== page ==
Around the mid seventies the Penzance firm was churning out around 25,000 pairs of shoes a week. Meaning that around 1.3 million people a year were buying and wearing Finn’s shoes. The market was by no means limited to the UK and in fact African, Eastern European and Scandinavian nations all provided significant markets for the company. “Business” the magazine of the board of trade in the 1970’s reported “Finn Shoes export shoes extensively to all the Scandinavian countries and to many of the African states”.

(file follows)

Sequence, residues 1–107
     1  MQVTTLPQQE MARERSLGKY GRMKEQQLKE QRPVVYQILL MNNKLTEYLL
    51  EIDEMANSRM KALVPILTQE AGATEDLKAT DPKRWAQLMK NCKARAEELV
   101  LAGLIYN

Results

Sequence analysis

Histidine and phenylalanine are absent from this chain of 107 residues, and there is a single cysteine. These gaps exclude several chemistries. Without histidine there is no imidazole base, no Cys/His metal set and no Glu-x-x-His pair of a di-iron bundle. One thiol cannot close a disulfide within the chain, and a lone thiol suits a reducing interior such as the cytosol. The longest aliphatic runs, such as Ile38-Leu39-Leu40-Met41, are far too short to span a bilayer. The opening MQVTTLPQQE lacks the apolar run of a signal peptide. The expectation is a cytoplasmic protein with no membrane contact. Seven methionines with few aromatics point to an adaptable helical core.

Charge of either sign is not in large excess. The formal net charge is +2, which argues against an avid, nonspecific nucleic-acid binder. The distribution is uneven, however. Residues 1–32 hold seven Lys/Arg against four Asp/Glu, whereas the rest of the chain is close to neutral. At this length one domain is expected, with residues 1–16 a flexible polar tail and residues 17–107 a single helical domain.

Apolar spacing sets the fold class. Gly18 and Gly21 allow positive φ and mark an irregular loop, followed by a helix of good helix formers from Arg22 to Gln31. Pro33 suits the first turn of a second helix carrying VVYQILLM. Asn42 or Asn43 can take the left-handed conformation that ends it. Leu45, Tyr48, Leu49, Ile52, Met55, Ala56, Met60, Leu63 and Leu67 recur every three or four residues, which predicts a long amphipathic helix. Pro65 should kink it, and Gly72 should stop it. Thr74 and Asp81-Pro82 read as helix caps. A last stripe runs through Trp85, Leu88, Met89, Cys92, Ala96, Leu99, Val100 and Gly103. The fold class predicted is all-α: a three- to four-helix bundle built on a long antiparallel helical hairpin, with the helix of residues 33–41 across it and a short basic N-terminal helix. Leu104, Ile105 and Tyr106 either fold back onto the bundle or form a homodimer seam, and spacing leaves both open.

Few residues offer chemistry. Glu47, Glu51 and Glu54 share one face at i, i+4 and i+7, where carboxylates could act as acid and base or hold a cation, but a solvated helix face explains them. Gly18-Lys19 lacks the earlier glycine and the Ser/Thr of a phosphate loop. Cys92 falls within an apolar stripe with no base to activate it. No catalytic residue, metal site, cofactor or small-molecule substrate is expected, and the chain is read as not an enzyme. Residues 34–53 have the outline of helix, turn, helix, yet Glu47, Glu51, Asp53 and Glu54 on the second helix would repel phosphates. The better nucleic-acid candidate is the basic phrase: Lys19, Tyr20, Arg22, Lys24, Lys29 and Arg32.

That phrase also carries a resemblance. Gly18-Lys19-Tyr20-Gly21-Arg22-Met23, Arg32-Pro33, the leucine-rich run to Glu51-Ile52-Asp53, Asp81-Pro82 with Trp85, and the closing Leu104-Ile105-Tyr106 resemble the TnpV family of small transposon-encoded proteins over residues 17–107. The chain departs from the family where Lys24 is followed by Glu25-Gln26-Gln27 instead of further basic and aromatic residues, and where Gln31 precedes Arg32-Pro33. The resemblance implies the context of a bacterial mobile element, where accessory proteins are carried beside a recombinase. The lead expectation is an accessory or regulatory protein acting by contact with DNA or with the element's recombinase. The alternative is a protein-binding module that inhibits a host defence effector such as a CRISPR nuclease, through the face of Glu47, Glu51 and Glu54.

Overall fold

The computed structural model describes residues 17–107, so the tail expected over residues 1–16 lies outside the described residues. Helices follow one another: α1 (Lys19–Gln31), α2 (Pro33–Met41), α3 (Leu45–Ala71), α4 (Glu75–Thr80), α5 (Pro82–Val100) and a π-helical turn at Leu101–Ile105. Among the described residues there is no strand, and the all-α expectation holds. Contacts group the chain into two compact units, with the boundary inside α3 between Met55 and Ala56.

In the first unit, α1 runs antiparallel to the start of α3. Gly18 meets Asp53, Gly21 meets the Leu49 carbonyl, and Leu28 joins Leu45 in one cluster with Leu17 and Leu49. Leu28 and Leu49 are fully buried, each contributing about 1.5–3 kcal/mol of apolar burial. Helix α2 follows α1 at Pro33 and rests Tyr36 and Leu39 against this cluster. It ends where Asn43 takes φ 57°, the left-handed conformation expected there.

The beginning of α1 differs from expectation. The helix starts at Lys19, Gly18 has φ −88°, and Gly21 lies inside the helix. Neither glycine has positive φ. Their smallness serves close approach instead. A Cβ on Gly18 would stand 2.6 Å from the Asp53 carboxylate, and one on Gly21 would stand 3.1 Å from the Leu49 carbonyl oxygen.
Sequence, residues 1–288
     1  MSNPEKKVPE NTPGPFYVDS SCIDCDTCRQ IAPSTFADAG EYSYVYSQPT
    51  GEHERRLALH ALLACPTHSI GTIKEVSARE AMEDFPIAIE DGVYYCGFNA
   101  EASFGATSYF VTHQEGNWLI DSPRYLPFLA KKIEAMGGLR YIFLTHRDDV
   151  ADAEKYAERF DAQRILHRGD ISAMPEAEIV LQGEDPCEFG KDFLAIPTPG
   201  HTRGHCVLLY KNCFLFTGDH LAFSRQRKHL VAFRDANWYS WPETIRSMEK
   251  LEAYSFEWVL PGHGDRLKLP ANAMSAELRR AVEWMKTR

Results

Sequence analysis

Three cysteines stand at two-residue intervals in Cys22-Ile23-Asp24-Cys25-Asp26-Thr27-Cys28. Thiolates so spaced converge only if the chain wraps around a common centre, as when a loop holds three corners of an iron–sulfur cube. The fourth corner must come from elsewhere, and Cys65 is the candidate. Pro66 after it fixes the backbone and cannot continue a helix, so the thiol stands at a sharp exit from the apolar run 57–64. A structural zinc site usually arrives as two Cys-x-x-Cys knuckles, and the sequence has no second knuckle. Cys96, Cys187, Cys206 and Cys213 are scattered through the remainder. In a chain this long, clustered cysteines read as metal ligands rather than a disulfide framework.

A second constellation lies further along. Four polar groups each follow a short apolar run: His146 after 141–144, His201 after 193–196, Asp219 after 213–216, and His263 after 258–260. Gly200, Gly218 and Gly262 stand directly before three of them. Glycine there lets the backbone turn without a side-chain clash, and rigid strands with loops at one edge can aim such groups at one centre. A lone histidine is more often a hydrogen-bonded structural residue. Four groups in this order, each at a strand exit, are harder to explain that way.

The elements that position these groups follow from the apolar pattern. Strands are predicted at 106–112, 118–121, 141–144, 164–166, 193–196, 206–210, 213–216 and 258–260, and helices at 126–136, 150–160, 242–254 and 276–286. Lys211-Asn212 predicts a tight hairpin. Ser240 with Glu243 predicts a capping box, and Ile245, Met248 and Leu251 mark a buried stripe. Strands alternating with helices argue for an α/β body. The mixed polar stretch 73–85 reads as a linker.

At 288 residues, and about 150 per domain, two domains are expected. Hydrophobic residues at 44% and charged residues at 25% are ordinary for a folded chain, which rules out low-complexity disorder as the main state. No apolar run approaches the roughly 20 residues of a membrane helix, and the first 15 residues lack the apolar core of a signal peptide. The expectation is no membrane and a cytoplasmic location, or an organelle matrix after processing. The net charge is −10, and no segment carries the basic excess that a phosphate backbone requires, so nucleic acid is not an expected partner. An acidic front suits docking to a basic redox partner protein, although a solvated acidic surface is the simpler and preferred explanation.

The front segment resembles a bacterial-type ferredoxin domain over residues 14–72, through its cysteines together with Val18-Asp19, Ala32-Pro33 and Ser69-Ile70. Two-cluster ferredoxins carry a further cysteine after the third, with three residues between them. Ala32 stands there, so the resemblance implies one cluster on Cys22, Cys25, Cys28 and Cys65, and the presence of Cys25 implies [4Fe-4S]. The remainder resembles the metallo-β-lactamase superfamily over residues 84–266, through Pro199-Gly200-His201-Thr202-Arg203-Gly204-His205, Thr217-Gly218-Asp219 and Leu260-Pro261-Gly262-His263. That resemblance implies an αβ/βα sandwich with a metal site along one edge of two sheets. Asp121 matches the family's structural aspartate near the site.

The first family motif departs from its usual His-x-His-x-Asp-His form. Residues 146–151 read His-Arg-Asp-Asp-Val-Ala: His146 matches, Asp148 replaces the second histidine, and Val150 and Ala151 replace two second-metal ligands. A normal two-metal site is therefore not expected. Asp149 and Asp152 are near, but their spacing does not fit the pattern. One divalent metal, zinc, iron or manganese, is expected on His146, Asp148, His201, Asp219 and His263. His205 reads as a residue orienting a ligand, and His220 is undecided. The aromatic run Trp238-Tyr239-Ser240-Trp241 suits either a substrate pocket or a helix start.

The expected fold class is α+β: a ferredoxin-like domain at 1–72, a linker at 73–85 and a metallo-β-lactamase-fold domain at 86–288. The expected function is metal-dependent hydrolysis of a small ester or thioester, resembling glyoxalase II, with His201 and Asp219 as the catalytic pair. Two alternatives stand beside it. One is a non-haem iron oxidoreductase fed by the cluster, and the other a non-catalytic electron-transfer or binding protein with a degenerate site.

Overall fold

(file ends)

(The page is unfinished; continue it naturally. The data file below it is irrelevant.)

Behind the facts and figures there were of course real people who worked for the Finn Shoes, one such worker was Richard Phelan, part of the Finn’s workforce in the mid-eighties. Richard started in the factory with the particularly mundane job of placing little bits of masking tape onto shoe parts moving onto other roles on the production line. “On one side a production line which did the basic putting together of the uppers and on the other side another one made of three rows that spanned round in an oval”. “There was a smaller version of this called the ‘rink’ which is were I worked”. Richard explained just exactly he did on the rink “I did all sorts of jobs on the rink but my primary role was tacking the insoles and supporting the skilled jobs”. “At the time I worked there it was a pretty pleasant place as factories go” explained Richard “pay was calculated by a combination of bonuses based on how much we produced each week and a basic wage, we always made our bonuses. It was easier to earn bonuses on the rink” he added “many of the other machines were worked particularly hard and broke down a great deal”. I asked Richard how much he remembered of the members of the Finn family who had founded the company and led the move to the town “At the time I worked there the main manager was the excellently named Micky Finn (Michael Finn a member of the Finn family) we saw very little of the rest of the bosses”.